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According to the Oxford English Dictionary, the definition of a monument is a statue, building or other structure erected to commemorate a notable person or event. Monuments commemorating the Confederate States of America have been a major point of discussion and protest between citizens of the United States as well as the media.

Over 150 years after the end of the American Civil War, signs of the confederacy can still be seen. For example, the flag of Mississippi includes the Army of Northern Virginia Battle Flag, now commonly known as the confederate flag. The confederate flag flew over the South Carolina state capitol until 2015. Many cemeteries in America include monuments to fallen confederate soldiers and generals, amongst these is the McGavock Confederate Cemetery located in Franklin, Tennessee. This cemetery holds nearly 1,500 confederate soldiers.

As organizations clash on the topic of confederate monuments in America, it is important to look back. The United States is not the only nation that has faced this problem, in fact many have, and each nation handles the problem differently.

The first country that comes to mind is Germany. After World War II, Germany faced the question of what to do with the monuments to Adolf Hitler and Nazisim. According to McClatchy DC Bureau, anything related to Nazis was destroyed while defeated cities still burned. They also stated that Nazi generals were buried in unmarked graves. Even major historical locations, like the bunker where Adolf Hitler committed suicide, sits below a regular parking lot marked only by a small sign. Germany decided to eradicate most signs that the Nazis even existed.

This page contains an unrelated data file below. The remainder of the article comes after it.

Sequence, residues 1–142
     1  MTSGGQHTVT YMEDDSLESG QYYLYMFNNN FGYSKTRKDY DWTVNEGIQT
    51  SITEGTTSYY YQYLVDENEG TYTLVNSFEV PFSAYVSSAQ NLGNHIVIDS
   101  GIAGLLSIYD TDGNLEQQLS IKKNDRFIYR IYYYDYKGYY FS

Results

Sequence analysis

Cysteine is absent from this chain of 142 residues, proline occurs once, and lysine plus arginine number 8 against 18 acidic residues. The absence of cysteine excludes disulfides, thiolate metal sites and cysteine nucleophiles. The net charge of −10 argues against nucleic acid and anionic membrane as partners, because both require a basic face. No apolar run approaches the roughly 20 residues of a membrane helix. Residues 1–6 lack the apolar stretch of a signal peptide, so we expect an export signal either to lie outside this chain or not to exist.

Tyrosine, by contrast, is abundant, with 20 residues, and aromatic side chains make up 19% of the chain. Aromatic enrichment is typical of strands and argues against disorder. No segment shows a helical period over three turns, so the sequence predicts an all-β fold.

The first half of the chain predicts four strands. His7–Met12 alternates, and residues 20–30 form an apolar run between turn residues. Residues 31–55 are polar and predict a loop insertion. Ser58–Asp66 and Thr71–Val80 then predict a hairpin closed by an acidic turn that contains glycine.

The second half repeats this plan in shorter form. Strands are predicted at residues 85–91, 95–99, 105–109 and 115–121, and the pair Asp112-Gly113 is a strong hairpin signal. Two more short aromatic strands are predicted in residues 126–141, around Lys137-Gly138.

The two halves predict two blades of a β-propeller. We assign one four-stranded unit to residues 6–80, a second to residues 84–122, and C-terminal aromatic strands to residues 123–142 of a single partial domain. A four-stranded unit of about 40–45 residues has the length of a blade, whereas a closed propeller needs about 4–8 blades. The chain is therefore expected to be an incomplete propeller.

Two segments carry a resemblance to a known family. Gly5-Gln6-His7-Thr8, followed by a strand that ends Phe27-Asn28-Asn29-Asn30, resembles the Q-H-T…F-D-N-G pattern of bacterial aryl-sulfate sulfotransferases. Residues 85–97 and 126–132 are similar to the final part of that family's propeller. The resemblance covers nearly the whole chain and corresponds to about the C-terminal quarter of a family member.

Other countries, like Romania and Spain, have followed Germany’s footsteps and have taken down monuments commemorating former dictators. Still, countries like Japan share similarities with the United States and embrace the flags of the past.

The Japan Maritime Self-Defense Force and the Japan Ground Self-Defense Force both fly versions of the Rising Sun Flag. This flag was used until Japan’s surrender in World War II and is associated with Japanese Imperialism and Japan’s involvement in the war.

The United States must find a middle ground, history should not be deleted but there is no reason for the United States Government to embrace the Confederacy and the ideals that they stood for. If Confederate monument continue to exist, they must be privately owned and not maintained by taxpayers and the government. History should never be ignored, but it doesn’t have to be embraced.